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High Frequency Trading Hbs Case Study

Essay by   •  January 31, 2019  •  Case Study  •  2,753 Words (12 Pages)  •  74 Views

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Question 1 :

Over 200 years ago, in 1790, the Philadelphia Stock Exchange (PHLX) was created.  PHLX was the first equity market created in the United States, and was soon followed by the creation of the New York Stock Exchange (NYSE), founded in 1817. Equity markets since, have played a crucial role in the growth and development of publicly traded corporations and in the creation of wealth for investors. Through equity markets companies can easily access capital and investors can acquire ownership in firms with the aim of realizing future gains.

It was not until 181 years (1971) after the creation of PHLX that NASDAQ, the world’s first electronic stock market was created in the US. The birth of NASDAQ meant the beginning of a new era, in which the physical or floor trading would gradually be replaced for electronic or online trading. Currently,  the US equity market is considered a “hybrid market”, trading takes place both on the exchange floor and electronically.

In January 2007 the New York Stock Exchange (NYSE) introduced its “hybrid” electronic platform. Three months later, 82 per cent of the stock exchange’s trading volume was executed electronically (Evans, 2014). Thus, reducing the mount of human traders at NYSE by the thousands in a bit over 30 years (Evans, 2014).  Since its introduction by NASDAQ in 1971 and its implementation by the NYSE in 2007, electronic trading has rapidly increase, currently accounting for over 70% of  U.S. trading volumes (Evans, 2014). Also, nowadays most markets only offer electronic trading.

The NYSE is, however, one of the few markets that currently still offer floor trading. Many critics have evolved around this question debating the reasons behind it. They argue that the fact the NYSE still offers floor trading is a mere marketing reason. Others argue that human presence is really needed on the trading floors and so NYSE has a competitive edge, employing such “hybrid” model. Indeed, Stacey Cunningham, chief operating officer at NYSE Group stated: “While the market can be entirely automated, you lose value when you no longer allow for human interaction. We believe that combination is the gold standard (Detrixhe, 2017)”. “If we look at the companies´ sides, for some of companies, human presence and human interactions between traders of company shares aren't a priority for them”, according to Chris Westfall, a vice president at Financial Executives International, also said, “however, a lot of firms value this “human touch”.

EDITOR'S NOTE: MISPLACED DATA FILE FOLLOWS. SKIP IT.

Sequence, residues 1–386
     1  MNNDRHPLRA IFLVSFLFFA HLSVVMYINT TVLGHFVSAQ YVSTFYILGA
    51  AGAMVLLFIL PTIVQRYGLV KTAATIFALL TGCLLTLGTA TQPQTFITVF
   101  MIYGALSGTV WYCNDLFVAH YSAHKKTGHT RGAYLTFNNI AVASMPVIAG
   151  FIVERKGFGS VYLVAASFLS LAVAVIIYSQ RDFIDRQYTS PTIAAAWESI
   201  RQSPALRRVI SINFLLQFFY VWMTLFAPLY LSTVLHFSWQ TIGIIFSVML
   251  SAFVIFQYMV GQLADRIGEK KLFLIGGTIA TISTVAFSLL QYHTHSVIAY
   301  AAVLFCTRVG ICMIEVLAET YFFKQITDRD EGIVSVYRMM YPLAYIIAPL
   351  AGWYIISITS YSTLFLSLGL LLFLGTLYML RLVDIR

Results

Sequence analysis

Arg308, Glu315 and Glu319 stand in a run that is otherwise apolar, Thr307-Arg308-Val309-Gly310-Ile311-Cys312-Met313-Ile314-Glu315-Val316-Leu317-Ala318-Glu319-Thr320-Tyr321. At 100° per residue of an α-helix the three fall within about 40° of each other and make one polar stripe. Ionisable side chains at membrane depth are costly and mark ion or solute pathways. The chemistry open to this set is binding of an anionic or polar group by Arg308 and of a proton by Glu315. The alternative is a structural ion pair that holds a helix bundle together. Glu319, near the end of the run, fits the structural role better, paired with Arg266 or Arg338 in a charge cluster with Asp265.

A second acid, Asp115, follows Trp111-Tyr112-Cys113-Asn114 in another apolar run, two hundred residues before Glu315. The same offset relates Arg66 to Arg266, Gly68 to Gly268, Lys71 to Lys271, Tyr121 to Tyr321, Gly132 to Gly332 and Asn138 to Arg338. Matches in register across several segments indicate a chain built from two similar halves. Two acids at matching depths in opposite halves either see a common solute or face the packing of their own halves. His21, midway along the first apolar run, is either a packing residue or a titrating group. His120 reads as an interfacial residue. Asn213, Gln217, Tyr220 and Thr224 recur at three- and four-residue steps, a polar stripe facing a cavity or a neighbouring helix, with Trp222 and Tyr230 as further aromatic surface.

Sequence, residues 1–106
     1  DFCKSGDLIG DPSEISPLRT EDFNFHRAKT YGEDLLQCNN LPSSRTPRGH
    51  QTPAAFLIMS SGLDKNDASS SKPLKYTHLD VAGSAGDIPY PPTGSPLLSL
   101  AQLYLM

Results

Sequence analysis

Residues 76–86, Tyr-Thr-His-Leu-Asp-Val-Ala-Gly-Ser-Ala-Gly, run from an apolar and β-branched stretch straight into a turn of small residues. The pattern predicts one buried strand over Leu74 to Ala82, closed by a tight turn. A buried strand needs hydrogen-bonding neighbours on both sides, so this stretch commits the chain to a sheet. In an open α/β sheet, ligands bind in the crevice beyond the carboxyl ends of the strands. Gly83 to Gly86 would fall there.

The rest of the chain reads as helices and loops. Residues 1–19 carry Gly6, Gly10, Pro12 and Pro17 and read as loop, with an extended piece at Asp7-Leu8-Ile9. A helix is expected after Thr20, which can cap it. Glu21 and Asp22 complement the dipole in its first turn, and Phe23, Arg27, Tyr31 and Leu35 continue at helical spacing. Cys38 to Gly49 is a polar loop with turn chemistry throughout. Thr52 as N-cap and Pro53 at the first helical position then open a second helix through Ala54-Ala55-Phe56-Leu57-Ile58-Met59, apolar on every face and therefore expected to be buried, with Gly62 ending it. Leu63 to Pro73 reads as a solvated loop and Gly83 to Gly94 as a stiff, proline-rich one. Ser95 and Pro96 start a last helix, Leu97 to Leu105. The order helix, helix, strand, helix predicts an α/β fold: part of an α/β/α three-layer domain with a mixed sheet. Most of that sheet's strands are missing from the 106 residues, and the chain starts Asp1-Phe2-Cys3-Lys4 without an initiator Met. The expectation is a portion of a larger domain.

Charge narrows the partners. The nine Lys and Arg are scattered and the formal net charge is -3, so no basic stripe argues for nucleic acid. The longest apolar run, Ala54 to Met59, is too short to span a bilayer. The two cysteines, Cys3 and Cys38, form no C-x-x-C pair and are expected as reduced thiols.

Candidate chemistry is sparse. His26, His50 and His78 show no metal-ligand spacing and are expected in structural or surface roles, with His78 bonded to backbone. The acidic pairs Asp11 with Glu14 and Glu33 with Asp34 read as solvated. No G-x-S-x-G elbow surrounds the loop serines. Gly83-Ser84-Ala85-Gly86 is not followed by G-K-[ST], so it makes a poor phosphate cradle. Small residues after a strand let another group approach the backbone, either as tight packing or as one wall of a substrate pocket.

Question 2:

Traditionally, floor-based trading was supported by designated market intermediaries who arranged trades between different market participants. An investor would call his stockbroker to place an order. He would, in turn, place the order through to the floor clerk, who at last would put it through to the floor trader.  In the last decades, securities trading experienced significant changes and more and more stages in the trading process were automated by the incorporation of electronic systems. In 1987 the SEC pushed for electronic trading. Electronic trading enabled market participants to transmit orders electronically rather than via phone or in person, granting remote access to order books. Since trade orders were now matched according to price-time priority, uniform rules were applied to all market participants and fairness was ensured. Nowadays, IT implementations have grown in complexity and the securities trading landscape is characterized by a significant market share of automated trading technologies like algorithmic trading (AT) and high-frequency trading (HFT).